As far as size, I just did a rough conversion and mine is like 56cm wide and 38cm deep,  so roughly the same size as yours.   I had no problem with the comb,  new comb is very easy to damage, but once they raise a few cycles of brood in it it stiffens right up.  The biggest thing you have to remember is never try twisting or flipping the frames while inspecting,  if you always leave them hanging, you should have no problems.  That was the hardest thing for me because I'm use to looking at one side of a Langstroth frame and then inverting it to inspect the other side.    The best thing to do is build yourself a frame stand so when you remove a frame, you set it in the stand and then inspect both sides.  I don't have any pictures of the deep frames handy, but if I get a chance, I'll try to take some this weekend.



This is from my barrel TBHs, not the deep ones,  but you can get the idea of the frame holder.
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eivindm
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« Reply #10 on: July 26, 2007, 09:15:16 AM »

I was starting to wonder if I would ever see the day when you would have bees.   This is a great step toward that and there is no turning back now grin
I did too smiley  I am pretty sure I am the oldest member here at the forum that still has no bees.  Not a record I hoped to get when I joined the forum three years ago.  But now as I have used a lot of time making my first hive, there really is no way back smiley

I really like the straps holding the lid down.   I've been looking to do something similar with mine as I just use a piece of metal roofing for a top.   But after 3 years, I still just pile rocks on top rolleyes
They were very cheap in a shop here in Norway I guess is quite similar to Home Depot that I have heard mentioned here several times.

Thanks for your comment on the measurements of my hive.  I hope it will turn out ok smiley  I read on a webpage somewhere about one that had bees that didn't want to draw out more than half the bar's width. He had used the size equal to a hive an other person living elsewere in a colder climate had that didn't have these problems.  They thought the reason was the colder climate.  I have no idea if that could be the case.   To be honest I thought it seemed a bit odd, and what came to my mind was that could be just reasonable that the type of bees could matter. Anyhow I have about the same measurements, and I was a bit worried it was a bit too big, but as you have had success with yours that are about the same size (and our climates are not that different) I am much more optimistic now smiley

Good luck and keep us posted.   Hope things are going well with Lars and mom.
Thanks.  Everything is fine.  As he is getting older, we are getting more of a routine and he is now sleeping a couple of times each day, and are much more happy lying on a carpet.  That's a big difference from the first weeks smiley  We are enjoying being parents more for each day.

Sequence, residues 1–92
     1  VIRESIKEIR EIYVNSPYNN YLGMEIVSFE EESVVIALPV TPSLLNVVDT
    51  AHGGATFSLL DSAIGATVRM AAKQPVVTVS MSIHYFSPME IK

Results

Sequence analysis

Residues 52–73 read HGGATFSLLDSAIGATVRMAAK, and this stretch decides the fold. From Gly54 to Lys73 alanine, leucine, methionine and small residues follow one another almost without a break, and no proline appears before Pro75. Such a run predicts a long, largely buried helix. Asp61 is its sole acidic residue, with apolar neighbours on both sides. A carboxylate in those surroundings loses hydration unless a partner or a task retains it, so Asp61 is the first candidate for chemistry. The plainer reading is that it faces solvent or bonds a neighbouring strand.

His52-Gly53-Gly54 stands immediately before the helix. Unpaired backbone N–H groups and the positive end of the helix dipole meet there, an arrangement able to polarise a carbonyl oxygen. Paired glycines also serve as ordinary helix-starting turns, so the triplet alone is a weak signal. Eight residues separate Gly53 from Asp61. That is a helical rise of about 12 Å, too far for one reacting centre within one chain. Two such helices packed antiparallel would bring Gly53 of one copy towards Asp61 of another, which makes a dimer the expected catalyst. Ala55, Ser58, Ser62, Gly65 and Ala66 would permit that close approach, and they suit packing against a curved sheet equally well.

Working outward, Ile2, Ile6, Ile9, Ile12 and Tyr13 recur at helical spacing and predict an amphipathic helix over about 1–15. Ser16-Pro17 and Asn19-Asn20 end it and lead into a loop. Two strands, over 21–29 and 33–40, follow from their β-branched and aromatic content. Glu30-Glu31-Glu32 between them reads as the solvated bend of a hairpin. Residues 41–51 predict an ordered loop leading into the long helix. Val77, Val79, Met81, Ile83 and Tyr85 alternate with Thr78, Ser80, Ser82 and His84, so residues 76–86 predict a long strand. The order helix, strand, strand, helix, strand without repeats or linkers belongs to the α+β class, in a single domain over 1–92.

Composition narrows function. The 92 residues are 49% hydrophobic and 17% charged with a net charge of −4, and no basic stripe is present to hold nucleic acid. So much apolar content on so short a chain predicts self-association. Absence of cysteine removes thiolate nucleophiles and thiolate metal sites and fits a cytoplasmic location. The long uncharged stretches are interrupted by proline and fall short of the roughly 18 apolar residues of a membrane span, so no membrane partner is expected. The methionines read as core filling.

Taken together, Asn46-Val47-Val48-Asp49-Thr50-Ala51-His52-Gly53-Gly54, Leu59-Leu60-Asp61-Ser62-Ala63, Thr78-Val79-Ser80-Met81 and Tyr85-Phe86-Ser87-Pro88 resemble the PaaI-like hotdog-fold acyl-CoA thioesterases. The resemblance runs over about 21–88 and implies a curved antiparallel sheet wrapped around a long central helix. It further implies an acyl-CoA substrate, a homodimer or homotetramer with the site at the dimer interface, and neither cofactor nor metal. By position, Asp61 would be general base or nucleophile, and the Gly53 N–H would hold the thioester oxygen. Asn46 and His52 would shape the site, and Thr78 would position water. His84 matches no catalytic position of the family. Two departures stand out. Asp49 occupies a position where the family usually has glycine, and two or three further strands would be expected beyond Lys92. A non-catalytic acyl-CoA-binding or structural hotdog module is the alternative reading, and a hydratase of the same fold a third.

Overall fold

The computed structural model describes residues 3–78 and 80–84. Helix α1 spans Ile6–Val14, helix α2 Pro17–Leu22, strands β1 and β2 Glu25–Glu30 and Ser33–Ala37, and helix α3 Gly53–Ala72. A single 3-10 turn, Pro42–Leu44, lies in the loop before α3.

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« Reply #11 on: July 26, 2007, 10:05:03 AM »

eivindm. I am happy that you are almost ready for the bees, your hive looks awesome.  Good for you.  Have a wonderful day, welcome to the world of parenting and bees, enjoy the child and bees.  Cindi
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« Reply #12 on: July 26, 2007, 11:29:45 PM »

Thanks eivindm for the link to the plans on the TBH. I will build one over the winter months an have it ready for next spring...Hope the little one is doing fine along with mom an dad. have a great day.

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eivindm
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« Reply #13 on: July 27, 2007, 11:13:31 AM »

Thanks eivindm for the link to the plans on the TBH. I will build one over the winter months an have it ready for next spring...

In addition to looking at the plans at §¤«£¿æ, I also bought the e-book "§¤«£¿æ" at the same website.  There were no revolutionary news in there as I have read much of the same other places, but I think it was a good text for a first time TBH beekeeper like me, and I think it was well worth the 11 dollars or so I payed for it.  Experienced beekeepers that also have read a lot about TBHs other places may not find it worth the money though.
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« Reply #14 on: July 27, 2007, 08:41:02 PM »

Thanks eivindm for the link to the plans on the TBH. I will build one over the winter months an have it ready for next spring...

In addition to looking at the plans at §¤«£¿æ, I also bought the e-book "§¤«£¿æ" at the same website.  There were no revolutionary news in there as I have read much of the same other places, but I think it was a good text for a first time TBH beekeeper like me, and I think it was well worth the 11 dollars or so I payed for it.  Experienced beekeepers that also have read a lot about TBHs other places may not find it worth the money though.

That §¤«£¿æ ebook is very good read. It is almost "all at one place" and very good reference ! It is sure well worth the money !

Considering info that §¤«£¿æ gives for free ( how to build tbh ) and time he put into this I think every tbh maniac who built tbh using §¤«£¿æ plans should buy the book also Cheesy
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« Reply #15 on: July 28, 2007, 07:33:42 AM »

Just adding one more thing about the e-book mentioned here:  To be fair about the book, it is not just a book about starting with TBH beekeeping.  It is just as much about a new beekeeping philosophy based on the premises of nature and the bees itself.  It states that modern beekeeping is much to blame for the spreading of diseases and so on, and that the condition of the bees can be improved by changing the way we keep them.  It was just as interesting as the direct info about TBH and worth the money alone.  Happy reading smiley